Teaching the Bible as Literature in Public High School (Part 3)

There were other days when students had an open-ended discussion about a Bible story they had read or a question that had come up in class. What follows is a distillation of four often-asked questions and the exchanges they sparked.

Was it wrong to have one's own opinion about the Bible's meaning? Some students felt that it wasn't because, as people mature, they would naturally change their mind about the meaning of the stories they read. If God gave us a mind, he would certainly want us to use it, especially with a book that claimed him as its author.

Others disagreed, saying that it wasn't right to have one's own opinion about what God meant because one might be wrong. One should listen to one's pastor or rabbi who was trained in such matters.

These stories were just stories with no right or wrong interpretations, said the first group. It wasn't as though people were going to be tested on them for the right answer. Stories have many meanings, and different people see them differently depending on their life-experience.

Even the clergy draw different lessons from them, and would want people to do likewise since there was no other way of benefiting from stories than by trying to puzzle out their meaning in a way that would speak to their lives. That was the beauty of this book - everyone could take away a different message, for people don't need a middleman between themselves and God, because he speaks to each person directly.

Others couldn't see how this was possible because if this was God's book, it could have only one meaning, as would each of its stories, and people have a right to know what that meaning was. They couldn't just equate their own reaction with God's "message" to them because they might be fooling themselves.

Well, maybe a story means different things to different people, because each person is in a different place, with different needs and problems, so God would tailor his meaning to each person's situation. It wouldn't make sense if everyone received the same answer, because not everyone would be in need of that answer, but of one that would help them.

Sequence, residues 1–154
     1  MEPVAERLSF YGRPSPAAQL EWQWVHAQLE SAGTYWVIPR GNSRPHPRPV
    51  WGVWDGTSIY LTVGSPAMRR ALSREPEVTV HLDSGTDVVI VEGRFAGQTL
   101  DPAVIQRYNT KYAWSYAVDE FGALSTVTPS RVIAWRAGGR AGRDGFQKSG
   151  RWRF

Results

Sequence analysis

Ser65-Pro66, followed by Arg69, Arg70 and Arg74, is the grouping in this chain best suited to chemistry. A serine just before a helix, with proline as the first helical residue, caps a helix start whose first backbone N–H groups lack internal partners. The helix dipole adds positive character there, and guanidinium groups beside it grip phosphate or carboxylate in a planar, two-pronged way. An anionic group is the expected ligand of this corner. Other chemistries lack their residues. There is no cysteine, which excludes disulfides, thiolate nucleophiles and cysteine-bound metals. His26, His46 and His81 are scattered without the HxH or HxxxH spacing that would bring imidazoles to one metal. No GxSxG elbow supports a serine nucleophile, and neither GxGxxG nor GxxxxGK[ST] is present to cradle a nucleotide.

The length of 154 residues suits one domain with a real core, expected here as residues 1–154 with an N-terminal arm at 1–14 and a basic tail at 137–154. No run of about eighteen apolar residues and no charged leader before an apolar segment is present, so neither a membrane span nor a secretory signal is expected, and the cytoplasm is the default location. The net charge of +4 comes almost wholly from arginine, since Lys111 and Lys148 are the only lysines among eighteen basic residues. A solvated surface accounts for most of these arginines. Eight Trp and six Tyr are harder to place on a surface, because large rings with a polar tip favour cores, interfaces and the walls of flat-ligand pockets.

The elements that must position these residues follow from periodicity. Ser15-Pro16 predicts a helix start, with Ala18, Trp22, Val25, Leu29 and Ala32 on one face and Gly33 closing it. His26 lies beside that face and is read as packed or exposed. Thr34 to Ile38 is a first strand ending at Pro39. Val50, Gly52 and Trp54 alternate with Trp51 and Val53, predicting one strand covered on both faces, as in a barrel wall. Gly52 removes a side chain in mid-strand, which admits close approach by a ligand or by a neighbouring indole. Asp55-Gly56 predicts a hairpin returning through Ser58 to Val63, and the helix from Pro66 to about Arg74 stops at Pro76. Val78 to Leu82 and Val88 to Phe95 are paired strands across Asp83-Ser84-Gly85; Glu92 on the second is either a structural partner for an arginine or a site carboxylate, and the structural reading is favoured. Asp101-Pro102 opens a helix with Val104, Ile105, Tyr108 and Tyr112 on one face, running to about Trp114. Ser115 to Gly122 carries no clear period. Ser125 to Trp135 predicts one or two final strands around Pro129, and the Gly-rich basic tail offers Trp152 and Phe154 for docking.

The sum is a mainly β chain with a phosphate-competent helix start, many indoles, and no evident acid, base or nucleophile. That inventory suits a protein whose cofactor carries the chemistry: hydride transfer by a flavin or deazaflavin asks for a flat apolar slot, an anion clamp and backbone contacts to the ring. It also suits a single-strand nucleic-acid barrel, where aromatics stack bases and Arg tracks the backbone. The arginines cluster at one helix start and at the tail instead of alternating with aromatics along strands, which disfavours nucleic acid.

Moreover, how could any one person claim that he alone knew what God meant in a particular story or about the Bible in general? It would be arrogant to claim that only one view was right and that everyone else's was wrong. How could one person or church dare to speak for God?

But there has to be some authoritative voice to tell people what God means, because otherwise you'd have no end of confusion about what God wants of us. Why would God have gone to all the trouble of writing the Bible if he was going to leave it to each person to decide what he means? You'd have nothing but chaos. There has to be an objective standard.

Well, maybe God's truth is so big that it can only be grasped by many different opinions. Perhaps everyone has a piece of God's truth, and the only way of knowing it is by listening to everyone.

But what if people are contradicting each other? Who would decide which view was right?

But why should we listen to only one person who claims that he alone has "the truth"? How does he know? People shouldn't be sheep who blindly follow what somebody says. It's too dangerous to give any one person or church that kind of power.

And so it goes for the next several weeks. Nothing is solved, but something more important happens than getting an "answer" -- students have a better understanding of a question because they've heard both sides of the argument.

Since our text also contains excerpts from other world scriptures, a student asks why we can't discuss those other scriptures as well. Why limit ourselves to just the Bible, when the Hindu, Buddhist, Zoroastrian, Muslim, and Taoist texts also have things of importance to say?

I point out that if students want to have their horizons broadened, they should read these scriptures. In fact, an entire course on World Scriptures would open up a fascinating range of new possibilities and set the Bible within a much larger context, but, unfortunately, we had only six weeks for our unit, and even that wasn't enough time to do justice to the Bible and its influence on Western culture. These other scriptures were waiting for them, and would mean more to them if they read them on their own.